Some of the foliage in the garden has started to take on autumnal tints, but I am not ready for autumn yet! This first one is a photo of the leaves of Geranium Spinners
Lamium orvala is getting redder and redder as the weeks go by.
Mahonia Charity has taken on some beautiful hues, whether this is as a result of all the rain, I don’t know, but it looks beautiful.
Such a beautiful pale blue on the leaves of this Elymus which is now starting to seed gently around the garden. The grasses don’t seen fazed by all the rain.
Pheasant tail grass, or as I knew it, Stipa arundinacea, but now goes by another name which I can’t find at the moment. This seeds around rather too much for my liking but is easy to pull out where not wanted.
These Rhododendron leaves are showing where the white covering on the new leaves is being washed off by our persistent rain.
If the leaves are turned over, you will find that some of them are covered with a lovely surface of felt/velvet, called indumentum, which are tiny hairs.
Usually by now, Darmera peltata has collapsed in a heap through lack of moisture. It was already here when we moved here and it has been planted in ordinary soil. It is a bog plant and should be in much wetter soil, but it copes. This year it is showing me how it should be if only it had plenty of moisture all the time. I have tried moving it a couple of times but it has its massive roots under rocks so I think it will have to stay where it is.
This fern was only bought this year when we visited Bowden Hostas and it seems to be enjoying its new home. Carrot Fern is the common name of Onychium japonicum and it contrasts nicely with the hostas around it.
Miscanthus variegatus is still making it impossible for me to walk round the far side of the pond, maybe I ought to have it in a corset? The yellow daisy flower in the background is Inula helenium, it grows to about 10ft!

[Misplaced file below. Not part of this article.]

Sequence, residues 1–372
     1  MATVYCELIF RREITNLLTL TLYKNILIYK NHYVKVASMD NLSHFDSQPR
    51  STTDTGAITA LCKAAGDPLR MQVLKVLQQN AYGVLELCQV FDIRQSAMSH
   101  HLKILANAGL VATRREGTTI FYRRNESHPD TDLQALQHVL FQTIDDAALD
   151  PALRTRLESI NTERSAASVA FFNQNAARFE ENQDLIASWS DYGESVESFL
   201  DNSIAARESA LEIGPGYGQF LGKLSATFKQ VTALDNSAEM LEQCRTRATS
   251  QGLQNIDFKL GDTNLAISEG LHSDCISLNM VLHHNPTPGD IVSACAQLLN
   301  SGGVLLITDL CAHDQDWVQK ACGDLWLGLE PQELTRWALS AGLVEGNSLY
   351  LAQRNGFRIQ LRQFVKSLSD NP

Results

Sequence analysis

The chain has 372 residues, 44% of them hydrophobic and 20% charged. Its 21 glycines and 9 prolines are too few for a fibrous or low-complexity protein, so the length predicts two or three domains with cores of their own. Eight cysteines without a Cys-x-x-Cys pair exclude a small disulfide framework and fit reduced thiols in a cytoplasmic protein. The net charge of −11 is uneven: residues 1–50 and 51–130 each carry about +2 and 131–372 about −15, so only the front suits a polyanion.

Sorry, don’t know the name of this large succulent, bought it one year when the garden was open to the public for a focal point in a border, each year now I wonder where to put it as it is getting bigger and bigger. Moving it into the conservatory each winter is becoming more and more of a problem.
Good old Stipa gigantea really comes into its own when the sun eventually shines.
Miscanthus sinensis Strictus has horizontal bands of yellow, makes a change from all the vertical stripes. This was bought as Zebrinus but as this one is so upright I think it must be Strictus.
Now to the downside to all our rain. Most of the plants have responded by growing twice as tall, forming twice as many flowers, it has been wonderful. But there are a couple of plants that are decidedly not happy. I’m sure I’m not the only one that has killed a house plant through overwatering and I’m sure this has happened to this variegated Weigela. The left half looks as if it is dying with just a shoot on the right which seems ok. Might have to try cutting it all back to see if it shoots again next year or do I just wait, do let me know what you think.
The honeysuckle over the arbour in the back garden was supposed to provide shade from the sunshine ( ha ha) its just as well it wasn’t needed because it has dropped most of its leaves and the flowers are pathetic.
Here’s a closer look at the bare stems, usually at this time of year the perfume from this corner of the garden is amazing, nothing this year unfortunately and there should be so many leaves to protect us from the damaging sun. We shouldn’t be seeing bare stems like this until winter, will it survive, who knows, will just have to wait and see with fingers crossed. Water does drain down to this part of the garden so the poor honeysuckle was probably sitting in water for days on end earlier in the year. Bog plants can cope with excessive water but the rest need oxygen getting to their roots or they will die.
I will finish with a photo of lush foliage, my favourite of this lot, Pontaderia, in the pond. In a few weeks this will have small blue poker like flowers, but it was the sun shining through the paddle like leaves that caught my eye.
The foliage this summer has been lush, huge and jungle like in places. We have had to cut back so many times where paths have become obstructed with plants flopping over them. Having so much rain, I think there are bound to be casualties, we will have to wait and see. I think the benefits to the garden certainly outweigh the deficiencies and would say, yes, we certainly need rain, but maybe not so much all at one time!
Thanks to Christina at myhesperidesgarden.wordpress.com for hosting this months GBFD, please visit to see how the unusual weather has been affecting us all.